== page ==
How Abilene Christian University Prepares Students for a Digital Future
As an Adobe Creative Campus, the university builds digital skills for its students and faculty.
Abilene Christian University (ACU) in Texas is forging a new path and introducing digital literacy at all levels of the university. The university is an Adobe Creative Campus, which means it has forged a deep partnership with Adobe to work toward a shared goal of fostering digital literacy. The school is training students, faculty, and staff to use Adobe Creative Cloud apps, as well as collaborating and sharing content with peer institutions, so even more students can gain digital fluency.
“Building digital skills align with the university’s strategic goals,” says Marisa Beard, Ed.D., director of educational technology and the Innovation Foundry, a teamwork and technology hub at the university focused on digital literacy. “The university started using Creative Cloud in classes such as journalism, mass communication, and art and design, but a variety of other traditionally non-creative departments also have successfully adopted the tools.”
In web development classes at ACU, for example, students are using Adobe XD, a UI/UX design and collaboration tool, to learn and prototype real-world user experiences. Students in the university’s agriculture classes use Adobe Premiere Rush, a video editing software, for a project focused on plastics and their environmental impact. Several anatomy and physiology classes use Adobe Premiere Rush to create teaching resources for different systems in the body. And in nursing classes, students will use Adobe Illustrator to create visual research presentations.
Access to Adobe Creative Cloud tools is positively affecting how professors think about, teach, and present course materials. In turn, this is making digital literacy a core part of what students learn and arms them with an invaluable skillset as they enter the 21st-century workforce.
Why digital literacy matters
While training students for STEM careers has become more of a focus throughout institutions of higher education, digital literacy may be just as important for creating a highly skilled and competitive workforce. Sixty percent of the world’s major economies are experiencing talent shortages, according to the Hays Global Skills Index. More middle-skill and high-skill jobs — from accountants and office clerks to software developers and lawyers — now require some level of digital fluency. Just look at most job postings online and you’ll most often see digital skills listed in the requirements.
“Digital literacy is becoming more and more important in our society, regardless of our field of expertise,” says Andres Saucedo, anatomy and physiology professor at ACU. “The vast majority of my students are pre-nursing. In the world of healthcare, being comfortable with new and changing technologies is crucial to be able to provide the best patient care possible.”
Although digital literacy is becoming a core competency for employment in the modern workplace, many colleges and universities are struggling to incorporate digital literacy tools and ways to build these critical “soft” skills into their curricula. As the cost of a college education continues to increase and as younger generations enter the workforce, schools have a duty to adopt new resources to help students develop the skills they need to excel both inside and outside the classroom.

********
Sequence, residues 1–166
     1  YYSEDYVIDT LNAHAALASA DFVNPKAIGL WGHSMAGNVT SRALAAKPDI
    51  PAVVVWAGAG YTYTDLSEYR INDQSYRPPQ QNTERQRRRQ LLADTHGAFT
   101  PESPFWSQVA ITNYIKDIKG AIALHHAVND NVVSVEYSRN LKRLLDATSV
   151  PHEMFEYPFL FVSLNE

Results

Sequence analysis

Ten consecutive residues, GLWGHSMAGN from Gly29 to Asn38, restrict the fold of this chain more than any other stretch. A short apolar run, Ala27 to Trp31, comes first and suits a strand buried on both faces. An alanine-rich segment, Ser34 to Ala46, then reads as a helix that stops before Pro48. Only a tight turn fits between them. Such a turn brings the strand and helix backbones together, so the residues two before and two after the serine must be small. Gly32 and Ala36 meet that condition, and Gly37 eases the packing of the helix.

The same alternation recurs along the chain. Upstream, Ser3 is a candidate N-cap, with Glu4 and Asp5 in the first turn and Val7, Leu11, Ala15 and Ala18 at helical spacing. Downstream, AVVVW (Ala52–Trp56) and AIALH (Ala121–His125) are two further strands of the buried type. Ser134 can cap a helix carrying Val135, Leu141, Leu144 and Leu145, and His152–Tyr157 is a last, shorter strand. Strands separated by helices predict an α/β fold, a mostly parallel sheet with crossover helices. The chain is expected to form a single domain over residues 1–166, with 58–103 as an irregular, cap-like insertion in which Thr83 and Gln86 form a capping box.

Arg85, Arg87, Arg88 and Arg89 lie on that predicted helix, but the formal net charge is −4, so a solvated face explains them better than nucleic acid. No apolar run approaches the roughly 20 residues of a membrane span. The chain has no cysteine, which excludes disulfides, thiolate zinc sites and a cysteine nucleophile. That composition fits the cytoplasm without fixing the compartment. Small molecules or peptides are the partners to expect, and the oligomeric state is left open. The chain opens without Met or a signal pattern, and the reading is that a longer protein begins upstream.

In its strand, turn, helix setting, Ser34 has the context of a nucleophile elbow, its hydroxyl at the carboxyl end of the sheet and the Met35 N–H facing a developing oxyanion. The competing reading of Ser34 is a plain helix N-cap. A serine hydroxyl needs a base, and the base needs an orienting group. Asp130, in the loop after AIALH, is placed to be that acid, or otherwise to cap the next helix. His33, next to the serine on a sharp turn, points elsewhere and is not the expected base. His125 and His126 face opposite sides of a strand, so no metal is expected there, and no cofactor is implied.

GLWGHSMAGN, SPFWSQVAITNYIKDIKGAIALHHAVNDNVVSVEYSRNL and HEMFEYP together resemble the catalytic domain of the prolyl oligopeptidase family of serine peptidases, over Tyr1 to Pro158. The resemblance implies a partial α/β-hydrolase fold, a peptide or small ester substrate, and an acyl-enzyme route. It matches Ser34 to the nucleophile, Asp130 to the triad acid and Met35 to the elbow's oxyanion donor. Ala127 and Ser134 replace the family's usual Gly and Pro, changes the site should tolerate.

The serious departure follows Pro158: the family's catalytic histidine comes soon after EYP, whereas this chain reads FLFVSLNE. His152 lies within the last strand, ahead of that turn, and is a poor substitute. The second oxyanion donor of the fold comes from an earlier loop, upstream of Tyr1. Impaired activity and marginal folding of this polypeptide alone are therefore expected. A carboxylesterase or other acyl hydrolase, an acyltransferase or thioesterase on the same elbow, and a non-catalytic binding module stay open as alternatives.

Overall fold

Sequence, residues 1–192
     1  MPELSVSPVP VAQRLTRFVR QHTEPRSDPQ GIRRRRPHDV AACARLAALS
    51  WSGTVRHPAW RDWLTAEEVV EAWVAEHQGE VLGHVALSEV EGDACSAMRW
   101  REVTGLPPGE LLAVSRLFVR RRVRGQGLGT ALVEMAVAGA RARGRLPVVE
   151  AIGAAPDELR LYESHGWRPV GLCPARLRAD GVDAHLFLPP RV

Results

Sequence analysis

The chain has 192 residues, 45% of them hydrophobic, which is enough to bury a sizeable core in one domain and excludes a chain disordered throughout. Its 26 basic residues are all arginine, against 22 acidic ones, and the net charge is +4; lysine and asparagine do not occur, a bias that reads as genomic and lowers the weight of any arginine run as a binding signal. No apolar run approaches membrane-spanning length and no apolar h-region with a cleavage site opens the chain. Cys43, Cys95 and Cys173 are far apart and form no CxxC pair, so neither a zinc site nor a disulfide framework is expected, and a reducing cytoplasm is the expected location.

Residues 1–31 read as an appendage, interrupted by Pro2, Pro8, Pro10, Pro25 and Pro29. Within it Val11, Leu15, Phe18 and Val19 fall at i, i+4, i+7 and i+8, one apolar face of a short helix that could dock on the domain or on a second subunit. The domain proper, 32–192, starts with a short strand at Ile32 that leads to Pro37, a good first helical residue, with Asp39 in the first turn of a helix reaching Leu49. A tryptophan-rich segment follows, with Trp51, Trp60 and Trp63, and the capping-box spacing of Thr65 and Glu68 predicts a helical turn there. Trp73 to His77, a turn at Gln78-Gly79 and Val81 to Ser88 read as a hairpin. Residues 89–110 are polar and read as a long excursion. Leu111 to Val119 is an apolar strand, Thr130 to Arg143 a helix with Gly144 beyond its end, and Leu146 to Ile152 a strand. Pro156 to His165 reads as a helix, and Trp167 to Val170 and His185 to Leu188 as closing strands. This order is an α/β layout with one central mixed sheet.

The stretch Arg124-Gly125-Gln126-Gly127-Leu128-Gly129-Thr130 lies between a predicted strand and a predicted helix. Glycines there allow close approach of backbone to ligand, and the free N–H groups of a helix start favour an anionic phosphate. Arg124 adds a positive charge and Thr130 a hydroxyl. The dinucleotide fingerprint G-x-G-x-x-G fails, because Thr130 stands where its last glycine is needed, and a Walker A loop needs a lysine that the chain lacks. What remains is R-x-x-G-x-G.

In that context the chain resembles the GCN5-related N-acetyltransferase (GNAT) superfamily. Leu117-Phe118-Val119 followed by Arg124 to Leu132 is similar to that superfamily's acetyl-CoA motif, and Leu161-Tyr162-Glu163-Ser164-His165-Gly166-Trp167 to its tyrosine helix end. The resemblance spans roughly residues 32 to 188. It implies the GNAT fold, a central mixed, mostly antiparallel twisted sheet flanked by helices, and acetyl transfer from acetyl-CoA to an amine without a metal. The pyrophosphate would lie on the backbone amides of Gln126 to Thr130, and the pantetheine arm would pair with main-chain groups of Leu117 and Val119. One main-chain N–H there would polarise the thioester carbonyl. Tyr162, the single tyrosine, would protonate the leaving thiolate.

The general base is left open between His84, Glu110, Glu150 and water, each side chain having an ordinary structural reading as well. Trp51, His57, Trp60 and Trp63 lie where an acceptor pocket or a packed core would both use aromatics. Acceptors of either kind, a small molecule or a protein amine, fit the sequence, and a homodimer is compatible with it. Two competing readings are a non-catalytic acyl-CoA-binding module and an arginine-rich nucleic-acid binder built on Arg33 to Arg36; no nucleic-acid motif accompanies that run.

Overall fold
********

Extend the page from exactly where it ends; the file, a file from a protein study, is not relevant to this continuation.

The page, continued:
To maximize the impact of the Adobe partnership, ACU created a new position, Adobe Ambassador in the Innovation Foundry, and brought on learning technology specialist Amos Gutierrez for the role. Amos focuses on promoting Adobe Creative Cloud apps on campus including education and training for faculty and students in the form of workshops, labs, one-on-one instruction, and LinkedIn Learning videos.
“Technology is part of our world, and it evolves quickly. If we don’t know how to use it or learn it, we quickly get behind,” says Amos. “When I look at the skills employers desire for students and for employees, pretty much every industry is going to require the use of digital tools.”
Theresa Naldoza, Ph.D., department chair for the School of Nursing, says “Adobe is very well known in graphics, design, and photography, but it’s great to highlight that other departments like nursing see the value of digital literacy and that faculty are actively incorporating elements of it in their class projects.”
She said faculty members have largely embraced learning something new and have encouraged students by being honest about the fact that they, too, are learning right along with them.
Brent Reeves, Ph.D., associate professor of management science and computer science at the university, adds that one of the advantages of being an Adobe Creative Campus and using Adobe’s digital tools is that it helps students get a more professional introduction to a professional workflow.
“Having Adobe Creative Cloud on campus for free removes access and cost barriers for a more level playing field for all of our students,” he says.
ACU is just getting started. Through a faculty fellows grant program, at least 20 of its faculty members will be incorporating Adobe products into their courses, paving the way for more students to build their digital skills for a competitive advantage as they enter the job market.
“Learning digital tools isn’t just about how to use them,” Amos says. “It’s about knowing how to communicate effectively. It’s about learning creativity.”
Given ACU’s ongoing commitment to not just promoting digital literacy but taking active, decisive steps to help their students engage and excel, it’s clear these next-generation leaders will be far ahead of that game.
As an Adobe Creative Campus, ACU has committed to digital literacy and invested in student success by providing Adobe Creative Cloud tools to its entire student body and staff. Learn more.